Marks & Spencer to open banks in 50 British shops


MARKS & Spencer plans to open 50 bank branches in its UK stores within two years as it takes on Tesco and British lenders such as Lloyds and Barclays Bank.

Marks & Spencer will open the first branch at its flagship Marble Arch shop in London in July as part of a joint venture with HSBC.

Customers will be able to open new chequing accounts by the autumn as part of the rebranded offer called M&S Bank, and mortgages are planned.

The move extends M&S Money, which offers car, home and travel insurance, credit cards and foreign currency exchange services online and over the phone.

M&S sold the business to HSBC in 2004 for £762 million (€942 million) to raise cash to help fend off a hostile takeover bid by billionaire Philip Green.

The retailer still receives half of the unit’s profit after some costs.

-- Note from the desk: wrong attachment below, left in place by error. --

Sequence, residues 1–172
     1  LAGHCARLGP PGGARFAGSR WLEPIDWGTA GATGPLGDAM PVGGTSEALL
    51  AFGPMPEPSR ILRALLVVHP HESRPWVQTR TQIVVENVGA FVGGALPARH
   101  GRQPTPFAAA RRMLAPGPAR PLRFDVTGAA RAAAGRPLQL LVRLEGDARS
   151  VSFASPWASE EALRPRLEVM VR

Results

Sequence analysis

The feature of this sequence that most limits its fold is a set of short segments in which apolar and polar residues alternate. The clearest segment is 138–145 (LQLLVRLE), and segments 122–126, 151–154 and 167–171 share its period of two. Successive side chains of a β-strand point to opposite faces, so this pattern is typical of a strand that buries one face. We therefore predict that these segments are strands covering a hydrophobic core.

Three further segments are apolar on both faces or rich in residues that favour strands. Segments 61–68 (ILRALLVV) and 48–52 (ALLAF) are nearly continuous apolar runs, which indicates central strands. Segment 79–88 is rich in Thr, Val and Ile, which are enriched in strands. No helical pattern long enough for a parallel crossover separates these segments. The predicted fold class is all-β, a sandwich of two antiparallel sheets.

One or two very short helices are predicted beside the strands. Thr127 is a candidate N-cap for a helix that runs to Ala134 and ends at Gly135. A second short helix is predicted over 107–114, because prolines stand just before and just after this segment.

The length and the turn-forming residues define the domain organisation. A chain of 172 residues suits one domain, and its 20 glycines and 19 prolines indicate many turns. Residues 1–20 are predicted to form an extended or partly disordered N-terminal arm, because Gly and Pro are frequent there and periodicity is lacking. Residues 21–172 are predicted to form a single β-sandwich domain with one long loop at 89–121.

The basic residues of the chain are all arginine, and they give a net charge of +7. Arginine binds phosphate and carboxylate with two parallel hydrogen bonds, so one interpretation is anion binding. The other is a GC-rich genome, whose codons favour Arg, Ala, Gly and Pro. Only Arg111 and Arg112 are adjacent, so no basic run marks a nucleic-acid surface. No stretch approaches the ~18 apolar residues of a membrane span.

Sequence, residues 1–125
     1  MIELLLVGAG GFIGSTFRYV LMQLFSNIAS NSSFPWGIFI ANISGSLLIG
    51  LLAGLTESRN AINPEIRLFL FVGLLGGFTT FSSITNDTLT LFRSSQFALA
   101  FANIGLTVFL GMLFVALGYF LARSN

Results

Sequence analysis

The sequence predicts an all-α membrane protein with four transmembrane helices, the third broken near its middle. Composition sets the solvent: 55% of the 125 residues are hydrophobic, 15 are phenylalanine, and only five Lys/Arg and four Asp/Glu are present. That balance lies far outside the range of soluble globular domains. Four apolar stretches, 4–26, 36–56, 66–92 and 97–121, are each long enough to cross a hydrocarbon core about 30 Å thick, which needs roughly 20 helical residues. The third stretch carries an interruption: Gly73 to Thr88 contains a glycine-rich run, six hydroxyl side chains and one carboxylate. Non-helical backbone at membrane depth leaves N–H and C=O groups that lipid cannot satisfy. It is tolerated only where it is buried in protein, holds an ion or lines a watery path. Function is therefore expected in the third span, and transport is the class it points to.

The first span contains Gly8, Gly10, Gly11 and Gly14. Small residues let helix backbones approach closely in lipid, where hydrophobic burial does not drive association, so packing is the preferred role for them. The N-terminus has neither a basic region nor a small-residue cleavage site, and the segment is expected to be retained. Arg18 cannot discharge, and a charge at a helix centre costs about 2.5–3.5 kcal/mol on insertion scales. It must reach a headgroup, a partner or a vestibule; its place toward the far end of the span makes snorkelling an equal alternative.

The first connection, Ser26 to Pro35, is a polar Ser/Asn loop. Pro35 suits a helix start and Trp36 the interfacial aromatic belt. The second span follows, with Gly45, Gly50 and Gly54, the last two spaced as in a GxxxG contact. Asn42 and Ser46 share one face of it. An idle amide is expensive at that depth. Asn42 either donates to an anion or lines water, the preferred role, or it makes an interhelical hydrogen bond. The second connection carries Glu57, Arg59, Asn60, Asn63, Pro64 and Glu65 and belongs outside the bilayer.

The amount it received rose to £50.7 million last year.

The stock climbed 8 per cent this year.

A spokeswoman said they have no plans to have bank branches in its Irish stores. M&S Money has more than three million customers and the retailer said its new M&S Bank branches will have a competitive advantage as they will be open for twice as long as traditional banks, including at weekends.

“Clearly there is an opportunity here for Marks & Spencer ; there is a general mistrust with the financial sector and it’s a brand that engenders a lot of trust,” said John Stevenson, an analyst at Peel Hunt.

Mr Stevenson has a hold recommendation.

The move pits the company against Tesco, the UK’s biggest supermarket-based bank, which offers credit cards, savings accounts, loans and insurance.

Tesco reined in plans to offer chequing accounts and mortgages due to difficulties while it puts existing products onto new systems and call-centre platforms following the buying back of Royal Bank of Scotland’s 50 per cent stake in the business.

J Sainsbury also offers some banking products such as home and pet insurance.

“This is our most significant innovation in retail banking since we launched First Direct over 22 years ago,” said Joe Garner, head of HSBC in the UK.

“It should be easy to deliver, and execution should be strong with HSBC’s backing,” Mr Stevenson said.

“Tesco is somewhat behind, whereas M&S is getting in fast with a broad offer.” – (Bloomberg)